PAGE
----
We all know the frustration that we feel when we are waiting for a client to pay us. They are either on vacation, busy, you didn’t deliver your invoice during the current billing cycle, or they are simply late.
It can be frustrating to keep asking and following up with an email about your payment, and in the end, you are not a charity, you deserve every cent that you have worked for.
Me, being a freelancer myself, I’ve talked to my friends who are small business owners and have the same problem with clients not paying too.
To help, I`m going to share a couple of tips on how to make sure your clients pay you on time.
1. Add a Late Fee
If you want to punish someone, do it in their pocket. No one wants to pay more, so when making an agreement with your clients, make sure to let them know that you are charging a late fee for every invoice that is overdue.
You can say that you charge 5% for late payments more than 5 days, and 10% for payments that are due more than 15 days, and so on.
2. Be Organized
Today, we always run out of time. With having multiple projects and clients, personal obligations, sending invoices, checking if clients have paid us, and sending reminders for overdue invoices, it’s just too much to do and too much to remember.
It`s hard to be on top of everything, especially if you are juggling things all by yourself. However, invoicing is a very important task because we need a regular cash flow. How can we get paid if we don`t send invoices?
Thankfully, a good solution is to use online invoicing tools, like Sighted, that will help you stay organized and on top of your invoicing processes.
3. Follow-Up on Late Payments
If you work with big companies and they are your clients, there is a gap between payments that is usually happening during the holidays ─ because you guessed it – all of their financial sectors are on holiday.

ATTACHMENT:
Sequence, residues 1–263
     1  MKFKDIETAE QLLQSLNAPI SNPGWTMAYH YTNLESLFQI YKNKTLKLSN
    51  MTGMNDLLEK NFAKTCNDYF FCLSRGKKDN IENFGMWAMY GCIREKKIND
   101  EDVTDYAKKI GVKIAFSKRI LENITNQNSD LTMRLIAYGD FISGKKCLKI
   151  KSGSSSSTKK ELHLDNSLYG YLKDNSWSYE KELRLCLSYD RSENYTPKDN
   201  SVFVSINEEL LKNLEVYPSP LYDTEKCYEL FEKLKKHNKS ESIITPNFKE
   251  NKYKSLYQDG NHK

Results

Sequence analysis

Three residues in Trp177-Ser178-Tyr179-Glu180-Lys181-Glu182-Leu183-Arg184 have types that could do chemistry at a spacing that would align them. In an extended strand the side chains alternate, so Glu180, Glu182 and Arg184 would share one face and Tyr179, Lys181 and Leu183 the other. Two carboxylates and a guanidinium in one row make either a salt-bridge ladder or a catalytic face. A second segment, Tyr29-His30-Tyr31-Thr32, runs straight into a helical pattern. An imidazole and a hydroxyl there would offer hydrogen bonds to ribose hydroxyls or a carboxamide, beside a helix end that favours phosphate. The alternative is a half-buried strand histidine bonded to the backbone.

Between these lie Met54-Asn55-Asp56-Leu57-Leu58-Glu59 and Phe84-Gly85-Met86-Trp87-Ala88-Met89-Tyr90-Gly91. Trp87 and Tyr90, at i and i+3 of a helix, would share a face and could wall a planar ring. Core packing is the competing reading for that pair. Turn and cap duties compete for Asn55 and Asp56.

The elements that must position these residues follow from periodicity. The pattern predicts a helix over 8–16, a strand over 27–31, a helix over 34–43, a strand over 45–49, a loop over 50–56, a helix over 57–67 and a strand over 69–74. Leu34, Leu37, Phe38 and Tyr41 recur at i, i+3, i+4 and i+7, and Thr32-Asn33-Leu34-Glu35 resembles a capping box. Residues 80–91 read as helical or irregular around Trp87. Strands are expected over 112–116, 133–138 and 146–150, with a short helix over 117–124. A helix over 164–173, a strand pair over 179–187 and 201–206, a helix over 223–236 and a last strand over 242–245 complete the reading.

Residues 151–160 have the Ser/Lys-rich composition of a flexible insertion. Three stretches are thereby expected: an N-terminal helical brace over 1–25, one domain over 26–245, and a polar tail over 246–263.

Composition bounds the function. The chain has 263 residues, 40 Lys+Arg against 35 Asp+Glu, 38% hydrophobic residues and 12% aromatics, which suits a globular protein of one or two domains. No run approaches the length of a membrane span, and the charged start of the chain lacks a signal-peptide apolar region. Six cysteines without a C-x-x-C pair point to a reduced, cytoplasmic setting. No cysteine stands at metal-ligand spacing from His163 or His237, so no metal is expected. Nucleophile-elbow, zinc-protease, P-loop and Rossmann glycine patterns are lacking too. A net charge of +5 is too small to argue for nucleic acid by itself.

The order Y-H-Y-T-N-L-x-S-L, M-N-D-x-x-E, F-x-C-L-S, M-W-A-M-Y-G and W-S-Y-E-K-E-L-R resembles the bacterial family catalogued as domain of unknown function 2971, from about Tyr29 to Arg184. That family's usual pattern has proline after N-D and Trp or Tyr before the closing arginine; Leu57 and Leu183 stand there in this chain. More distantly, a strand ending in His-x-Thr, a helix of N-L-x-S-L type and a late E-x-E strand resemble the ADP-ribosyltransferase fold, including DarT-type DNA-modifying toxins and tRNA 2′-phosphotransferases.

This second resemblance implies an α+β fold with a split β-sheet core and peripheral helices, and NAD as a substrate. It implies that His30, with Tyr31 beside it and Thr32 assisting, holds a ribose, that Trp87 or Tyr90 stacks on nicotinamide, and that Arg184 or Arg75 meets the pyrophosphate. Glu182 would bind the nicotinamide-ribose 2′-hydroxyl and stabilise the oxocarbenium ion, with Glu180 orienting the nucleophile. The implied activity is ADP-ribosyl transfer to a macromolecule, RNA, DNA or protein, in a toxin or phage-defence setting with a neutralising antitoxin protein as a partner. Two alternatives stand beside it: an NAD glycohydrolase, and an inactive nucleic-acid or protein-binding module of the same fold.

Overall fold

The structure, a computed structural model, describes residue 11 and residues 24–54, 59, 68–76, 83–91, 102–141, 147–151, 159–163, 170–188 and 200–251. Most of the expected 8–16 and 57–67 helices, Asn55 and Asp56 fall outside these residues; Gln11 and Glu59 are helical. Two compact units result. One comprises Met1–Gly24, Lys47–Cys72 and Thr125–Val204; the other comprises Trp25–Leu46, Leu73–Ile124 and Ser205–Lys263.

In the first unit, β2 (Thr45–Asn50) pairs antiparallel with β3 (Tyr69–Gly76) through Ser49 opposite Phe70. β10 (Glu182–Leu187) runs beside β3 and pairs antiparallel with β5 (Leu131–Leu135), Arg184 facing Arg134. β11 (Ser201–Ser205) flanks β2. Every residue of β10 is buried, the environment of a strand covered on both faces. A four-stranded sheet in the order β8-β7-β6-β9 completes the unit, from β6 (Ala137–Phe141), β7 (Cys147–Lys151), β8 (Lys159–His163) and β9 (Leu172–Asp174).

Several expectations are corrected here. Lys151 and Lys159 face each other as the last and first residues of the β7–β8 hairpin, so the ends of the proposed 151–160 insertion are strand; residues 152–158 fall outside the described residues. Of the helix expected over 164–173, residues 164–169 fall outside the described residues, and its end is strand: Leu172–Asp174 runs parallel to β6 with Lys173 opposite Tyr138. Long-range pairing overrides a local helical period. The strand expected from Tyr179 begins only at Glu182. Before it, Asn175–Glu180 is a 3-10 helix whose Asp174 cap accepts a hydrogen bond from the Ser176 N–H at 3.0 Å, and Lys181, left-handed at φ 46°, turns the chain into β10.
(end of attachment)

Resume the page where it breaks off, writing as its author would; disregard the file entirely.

Other times, there might be severe weather or a storm or big snowfall, and all the banks will be closed so your clients will not be able to send you the payment.
Of course, sometimes, it`s not just a decision of the client that they can`t or won`t pay you – it`s things that happen in everyday life, like a snowstorm.
Whenever the client is overdue by 3 days, that`s my minimum, send them a friendly email asking how they are doing along with a reminder that they are several days late with paying the invoice. Make sure that you are polite and talk like a friend.
4. Upfront or Half and Half Payments
As I said earlier, I have a friend who is a small business owner, and he told me that with clients that are new or with clients that he previously had issues with late payments, he started to ask for payment up front, or at least for 50%, with the rest due after the project is done.
This way, you will be sure that you will be paid, because no one wants to lose money. As I say, it’s win-win for both sides.
Final Thoughts with Sighted
There you have it. These are some tips that I gathered over time while working with clients and talking with my friends.
Remember, friendly follow-ups really work, and I`m sure you can find many other tips on how to encourage your clients to pay you on time, but the main goal is to stay friendly and professional.